People with diabetes must consume soft drinks in consultation with a specialist as a way of harm reduction
Soft drinks may contain over 10% sugar content
New Delhi, 4th January 2019: A recently published study has indicated that drinking diet soda may increase the risk for proliferative diabetic retinopathy. This is a severe type of diabetic eye disease that can lead to blindness. The study evaluates the link between soft drink consumption and microvascular complications of diabetes. Consuming more than four cans, or 1.5 litres, of diet soft drinks per week was associated with a twofold increased risk of having proliferative diabetic retinopathy.
Traditional soft drinks today have over 10% sugar and sweets have 30% to 50% sugar. Any sweet has minimum of 30% sugar but if made of chashni (concentrated sugar), the amount of sugar may be up to 50%. WHO recommends 2% of the sugar in oral rehydration solution as treatment of diarrhea and as rehydrating solution. The best way to take a soft drink to dilute it three times with water and soda and make it 2% solution which in a lemonade drink makes it like the ORS.
Speaking about this, Padma Shri Awardee, Dr K K Aggarwal, President, HCFI, said, “White sugar is a slow poison. In our ancient Indian era, people used to consume either sugarcane juice, jagry or brown sugar (khand). There is no mention of use of refined white sugar. White sugar has high glucose index and is slow poison as over a period of time, it can lead to high levels of insulin in the blood and subsequently, insulin resistance. The best way out is harm reduction, especially for those who do not wish to stop the consumption of soft drinks but have diabetes. Such people should ensure that they consult their GP or a specialist to understand how much of soft drinks or what quantity is fine for consumption.”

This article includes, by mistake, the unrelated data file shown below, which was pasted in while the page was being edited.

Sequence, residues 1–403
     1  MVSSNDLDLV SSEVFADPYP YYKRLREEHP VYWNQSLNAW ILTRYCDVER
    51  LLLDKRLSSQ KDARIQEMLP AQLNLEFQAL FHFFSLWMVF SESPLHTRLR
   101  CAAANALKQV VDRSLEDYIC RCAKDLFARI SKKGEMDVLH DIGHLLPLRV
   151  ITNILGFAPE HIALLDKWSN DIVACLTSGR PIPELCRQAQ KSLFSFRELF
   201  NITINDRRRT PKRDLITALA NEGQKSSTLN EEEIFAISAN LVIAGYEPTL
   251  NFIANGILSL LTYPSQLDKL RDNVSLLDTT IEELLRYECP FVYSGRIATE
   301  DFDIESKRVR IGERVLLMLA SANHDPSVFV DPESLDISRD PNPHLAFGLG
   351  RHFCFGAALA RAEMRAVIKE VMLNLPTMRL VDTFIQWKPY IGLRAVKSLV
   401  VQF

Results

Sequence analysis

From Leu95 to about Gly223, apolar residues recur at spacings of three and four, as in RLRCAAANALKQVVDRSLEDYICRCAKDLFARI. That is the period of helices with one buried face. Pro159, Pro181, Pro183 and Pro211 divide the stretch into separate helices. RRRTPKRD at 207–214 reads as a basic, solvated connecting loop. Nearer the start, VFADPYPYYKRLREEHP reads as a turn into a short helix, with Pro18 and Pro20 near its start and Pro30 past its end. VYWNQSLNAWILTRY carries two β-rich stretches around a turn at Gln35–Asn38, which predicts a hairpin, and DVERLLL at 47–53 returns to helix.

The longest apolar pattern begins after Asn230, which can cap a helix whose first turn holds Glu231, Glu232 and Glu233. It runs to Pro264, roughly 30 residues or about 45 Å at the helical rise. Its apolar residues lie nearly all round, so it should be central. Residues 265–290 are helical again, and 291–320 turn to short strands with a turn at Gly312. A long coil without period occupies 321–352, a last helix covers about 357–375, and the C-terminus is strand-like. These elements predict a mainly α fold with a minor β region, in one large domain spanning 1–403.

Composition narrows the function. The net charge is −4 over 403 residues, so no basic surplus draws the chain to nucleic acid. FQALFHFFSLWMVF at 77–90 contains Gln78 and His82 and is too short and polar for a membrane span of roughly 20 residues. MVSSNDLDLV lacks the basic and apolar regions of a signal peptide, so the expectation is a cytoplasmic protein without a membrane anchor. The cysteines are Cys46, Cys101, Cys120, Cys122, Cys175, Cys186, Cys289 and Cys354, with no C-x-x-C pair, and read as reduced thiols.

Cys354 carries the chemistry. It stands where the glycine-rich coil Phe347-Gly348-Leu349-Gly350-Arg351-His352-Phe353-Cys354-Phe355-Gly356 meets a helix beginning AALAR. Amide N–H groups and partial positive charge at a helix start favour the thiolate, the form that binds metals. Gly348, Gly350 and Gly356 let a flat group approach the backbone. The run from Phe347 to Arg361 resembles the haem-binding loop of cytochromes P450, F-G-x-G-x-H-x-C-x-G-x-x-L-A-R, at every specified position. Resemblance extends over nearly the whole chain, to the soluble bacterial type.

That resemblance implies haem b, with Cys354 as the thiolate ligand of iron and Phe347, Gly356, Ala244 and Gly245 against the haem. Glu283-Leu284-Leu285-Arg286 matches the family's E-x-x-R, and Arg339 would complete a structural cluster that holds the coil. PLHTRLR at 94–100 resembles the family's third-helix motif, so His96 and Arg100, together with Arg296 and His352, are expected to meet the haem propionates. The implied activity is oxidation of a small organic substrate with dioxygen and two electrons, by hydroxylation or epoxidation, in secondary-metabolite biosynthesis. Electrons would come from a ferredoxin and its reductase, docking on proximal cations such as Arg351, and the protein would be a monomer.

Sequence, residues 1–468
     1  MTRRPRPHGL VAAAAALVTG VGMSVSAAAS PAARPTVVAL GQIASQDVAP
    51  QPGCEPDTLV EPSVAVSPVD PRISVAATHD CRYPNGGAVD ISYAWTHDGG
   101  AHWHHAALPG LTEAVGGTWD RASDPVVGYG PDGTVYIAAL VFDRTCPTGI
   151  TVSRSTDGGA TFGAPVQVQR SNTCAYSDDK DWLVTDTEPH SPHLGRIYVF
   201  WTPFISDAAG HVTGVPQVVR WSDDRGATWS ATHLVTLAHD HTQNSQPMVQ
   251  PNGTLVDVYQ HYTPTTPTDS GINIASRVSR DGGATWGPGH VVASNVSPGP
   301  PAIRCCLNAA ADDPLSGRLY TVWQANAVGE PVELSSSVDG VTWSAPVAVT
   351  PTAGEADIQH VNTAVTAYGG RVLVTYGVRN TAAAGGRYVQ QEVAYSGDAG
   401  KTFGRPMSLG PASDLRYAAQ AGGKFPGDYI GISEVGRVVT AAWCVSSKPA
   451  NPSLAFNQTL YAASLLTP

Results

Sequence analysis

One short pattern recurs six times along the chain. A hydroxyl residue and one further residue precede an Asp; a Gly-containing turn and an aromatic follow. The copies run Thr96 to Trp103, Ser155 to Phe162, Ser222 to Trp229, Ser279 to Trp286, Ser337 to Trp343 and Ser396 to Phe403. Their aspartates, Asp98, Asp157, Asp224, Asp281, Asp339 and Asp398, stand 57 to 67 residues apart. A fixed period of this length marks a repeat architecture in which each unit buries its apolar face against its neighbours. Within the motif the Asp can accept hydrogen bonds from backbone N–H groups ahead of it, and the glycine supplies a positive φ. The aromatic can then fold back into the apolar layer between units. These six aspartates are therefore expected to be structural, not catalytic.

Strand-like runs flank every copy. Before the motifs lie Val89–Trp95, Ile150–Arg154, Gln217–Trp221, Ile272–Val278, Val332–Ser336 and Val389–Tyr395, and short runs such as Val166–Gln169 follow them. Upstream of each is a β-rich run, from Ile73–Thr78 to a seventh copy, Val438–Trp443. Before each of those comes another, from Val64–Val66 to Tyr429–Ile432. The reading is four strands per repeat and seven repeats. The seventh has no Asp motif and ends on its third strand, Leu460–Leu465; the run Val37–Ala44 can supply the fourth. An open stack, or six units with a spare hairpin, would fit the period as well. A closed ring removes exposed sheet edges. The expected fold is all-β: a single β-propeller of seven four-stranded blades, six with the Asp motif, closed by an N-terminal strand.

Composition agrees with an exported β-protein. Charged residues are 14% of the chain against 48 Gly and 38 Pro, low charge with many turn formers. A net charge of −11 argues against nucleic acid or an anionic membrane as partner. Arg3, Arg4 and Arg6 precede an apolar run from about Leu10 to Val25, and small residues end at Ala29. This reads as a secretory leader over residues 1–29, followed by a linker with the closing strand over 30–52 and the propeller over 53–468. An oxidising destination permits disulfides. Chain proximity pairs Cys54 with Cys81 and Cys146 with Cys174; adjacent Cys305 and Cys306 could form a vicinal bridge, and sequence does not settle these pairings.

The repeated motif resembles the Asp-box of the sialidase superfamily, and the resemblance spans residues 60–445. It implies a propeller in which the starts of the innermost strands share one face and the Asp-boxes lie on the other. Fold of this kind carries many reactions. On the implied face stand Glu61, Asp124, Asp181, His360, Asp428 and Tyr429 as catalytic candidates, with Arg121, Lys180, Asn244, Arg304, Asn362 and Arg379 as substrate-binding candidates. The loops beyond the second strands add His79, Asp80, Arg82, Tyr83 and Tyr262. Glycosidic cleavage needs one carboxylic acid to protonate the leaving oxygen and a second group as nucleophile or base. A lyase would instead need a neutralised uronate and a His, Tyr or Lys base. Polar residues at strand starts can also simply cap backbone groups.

Diet soft drinks have been marketed as a healthier option to regular soft drinks, yet a growing body of evidence has suggested that artificial sweeteners may also have detrimental health effects.
Adding further, Dr Aggarwal, who is also the Group Editor-in-Chief of IJCP, said, “Liquid sugars, which are found in soft drinks, sports drinks, iced teas, and sweetened waters, have no benefits for health and are clearly linked to higher risk of obesity, diabetes, and perhaps heart disease. There is no reason to include these in your diet. Skip the sugary drinks and have some unsweetened tea or sparkling water instead.”
Some tips from HCFI
- Maintain a healthy weight by exercising every day and consuming a healthy diet.
- Get your blood glucose levels monitored at regular intervals.
- Do not consume refined sugar in any form as this can get absorbed into the blood stream more easily and cause further complications.
- Reduce stress through activities such as meditation and yoga.